The study, one of the first to examine differences between LGBT students and their heterosexual peers in STEM, found that LGBT students are 8 percent less likely to finish four-year majors in STEM than their peers, instead switching to non-STEM fields.
According to the study, this is caused by "a heterosexist climate that reinforces gender role stereotypes in STEM work environments" and a lack of attention towards LGBT members in STEM fields.
While the study itself primarily focused on lesbian, gay, bisexual and queer students, its findings weren't surprising for Matt Baseheart, a USC freshman majoring in Aerospace Engineering who is transgender.
"As a transgender male in STEM, I sometimes feel like I have to hide my identity in order to be taken seriously," said Baseheart. "Since the transgender community is a topic of controversy, I feel like it's becoming a defining trait for individuals such as myself. I'm seen as a cause or a topic before I'm seen as the sum of my accomplishments."
"This study shows that there's still underlying discrimination going on for LGBT students," said Rochelle Diamond, chair of the National Organization of Gay and Lesbian Scientists and Technical Professionals (NOGLSTP), a professional society that advocates for LGBT individuals in STEM fields. "Through NOGLSTP, we wish to encourage LGBT students to be authentic and offer them the help that they all need."
The study showed that this type of mentorship can positively influence LGBT retention in STEM fields, as mentors serve as a source of support when students experience difficulties in their academic journey.
"It is important for LGBT students to find someone that they can identify with to network in their field, talking to a mentor like this could help students find a safe space to work in," said Diamond.
Kush Shanker, a USC freshman majoring in Global Health who is gay, believes that the situation could be changed with the effort of LGBT individuals.
"I may not have a model in the STEM industry, but I could start being a model for others," said Shanker. "It's important that we are not scared away because there's no one to look up to."
The study also shows that becoming members of LGBT organizations can help students persist in STEM fields. For Baseheart and Shanker, joining QuEST, an organization that supports LGBT members in STEM at the University of Southern California, helped them gain encouragement from their community.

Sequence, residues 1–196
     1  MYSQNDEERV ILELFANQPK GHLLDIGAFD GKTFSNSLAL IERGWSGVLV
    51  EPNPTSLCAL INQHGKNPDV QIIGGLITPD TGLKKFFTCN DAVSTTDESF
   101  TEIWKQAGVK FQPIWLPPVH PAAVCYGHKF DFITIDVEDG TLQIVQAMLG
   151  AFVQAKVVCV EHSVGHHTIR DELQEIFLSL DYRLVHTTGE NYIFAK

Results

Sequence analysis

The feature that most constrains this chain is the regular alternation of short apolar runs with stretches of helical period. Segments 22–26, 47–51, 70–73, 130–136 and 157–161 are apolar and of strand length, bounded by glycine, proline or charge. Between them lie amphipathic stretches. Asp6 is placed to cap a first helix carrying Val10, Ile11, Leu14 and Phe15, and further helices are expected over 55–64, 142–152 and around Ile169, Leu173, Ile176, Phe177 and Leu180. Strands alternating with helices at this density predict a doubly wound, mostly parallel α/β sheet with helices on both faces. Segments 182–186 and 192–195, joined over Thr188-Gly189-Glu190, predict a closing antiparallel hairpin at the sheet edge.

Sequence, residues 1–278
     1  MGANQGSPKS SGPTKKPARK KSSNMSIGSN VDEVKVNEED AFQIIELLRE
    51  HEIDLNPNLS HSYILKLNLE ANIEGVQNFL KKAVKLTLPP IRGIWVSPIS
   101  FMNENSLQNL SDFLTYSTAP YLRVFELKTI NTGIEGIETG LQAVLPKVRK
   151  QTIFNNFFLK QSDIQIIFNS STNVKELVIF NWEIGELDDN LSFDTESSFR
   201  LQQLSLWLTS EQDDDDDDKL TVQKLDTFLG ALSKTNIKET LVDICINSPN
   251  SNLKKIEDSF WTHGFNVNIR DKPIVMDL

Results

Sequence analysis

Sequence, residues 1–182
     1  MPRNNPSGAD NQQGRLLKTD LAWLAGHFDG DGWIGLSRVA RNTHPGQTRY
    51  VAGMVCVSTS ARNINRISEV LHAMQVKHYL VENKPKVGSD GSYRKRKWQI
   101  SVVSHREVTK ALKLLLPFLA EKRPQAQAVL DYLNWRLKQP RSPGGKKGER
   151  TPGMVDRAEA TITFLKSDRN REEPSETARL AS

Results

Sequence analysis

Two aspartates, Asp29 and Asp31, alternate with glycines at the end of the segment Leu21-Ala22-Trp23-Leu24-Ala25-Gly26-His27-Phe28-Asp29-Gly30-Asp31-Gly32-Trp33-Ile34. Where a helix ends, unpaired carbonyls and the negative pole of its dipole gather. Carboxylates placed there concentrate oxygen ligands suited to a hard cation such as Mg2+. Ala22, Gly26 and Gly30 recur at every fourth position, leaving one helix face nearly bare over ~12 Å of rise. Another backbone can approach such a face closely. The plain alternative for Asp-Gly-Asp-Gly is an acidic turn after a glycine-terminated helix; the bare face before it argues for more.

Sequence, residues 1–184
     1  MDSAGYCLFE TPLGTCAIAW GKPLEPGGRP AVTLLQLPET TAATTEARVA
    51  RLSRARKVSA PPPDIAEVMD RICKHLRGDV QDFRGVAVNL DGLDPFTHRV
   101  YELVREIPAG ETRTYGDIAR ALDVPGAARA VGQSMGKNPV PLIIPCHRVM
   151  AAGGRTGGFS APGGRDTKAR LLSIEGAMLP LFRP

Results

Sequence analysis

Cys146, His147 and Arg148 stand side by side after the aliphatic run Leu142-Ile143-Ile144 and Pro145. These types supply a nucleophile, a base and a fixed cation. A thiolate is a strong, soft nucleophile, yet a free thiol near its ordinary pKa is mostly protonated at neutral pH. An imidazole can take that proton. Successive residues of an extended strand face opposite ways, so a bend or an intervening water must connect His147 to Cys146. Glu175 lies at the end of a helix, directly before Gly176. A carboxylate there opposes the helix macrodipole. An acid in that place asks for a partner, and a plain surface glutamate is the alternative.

"Being with a group like QuEST is super reassuring," said Baseheart, "Knowing that we can be professionals and be connected to our identities at the same time is something I never felt before being involved with the group. [QuEST] has helped me feel like I don't have to hide my identity anymore."
"As we see each other become successful, we inspire each other to continue what we are doing." said Shanker. "Just having a support group within Quest, it makes everything easier. It gives us hope to move forwards beyond the discrimination."
The future for LGBT members in STEM seems promising, according to both Baseheart and Shanker.
"I believe that someday soon being part of the LGBT community won't bring up any feelings of controversy, " said Baseheart. "Helping others understand this is key to fostering a positive environment for future LGBT generations in STEM."
For Shanker, seeing representation of the LGBT community in his STEM classes shows increasing acceptance for LGBT members in the industry.
"For me, I think it is surprising because the field of medicine has been heteronormative for the past couple decades," said Shanker. "It's nice that we are picking up the speed so that more of us will be going into the field."
According to Diamond, one way to improve the situation is increasing awareness of the LGBT community to the public.
NOGLSTP is hosting the Out to Innovate summit at USC in March 2019, where they hope to offer mentoring, workshops and career resources to support LGBT individuals in STEM fields.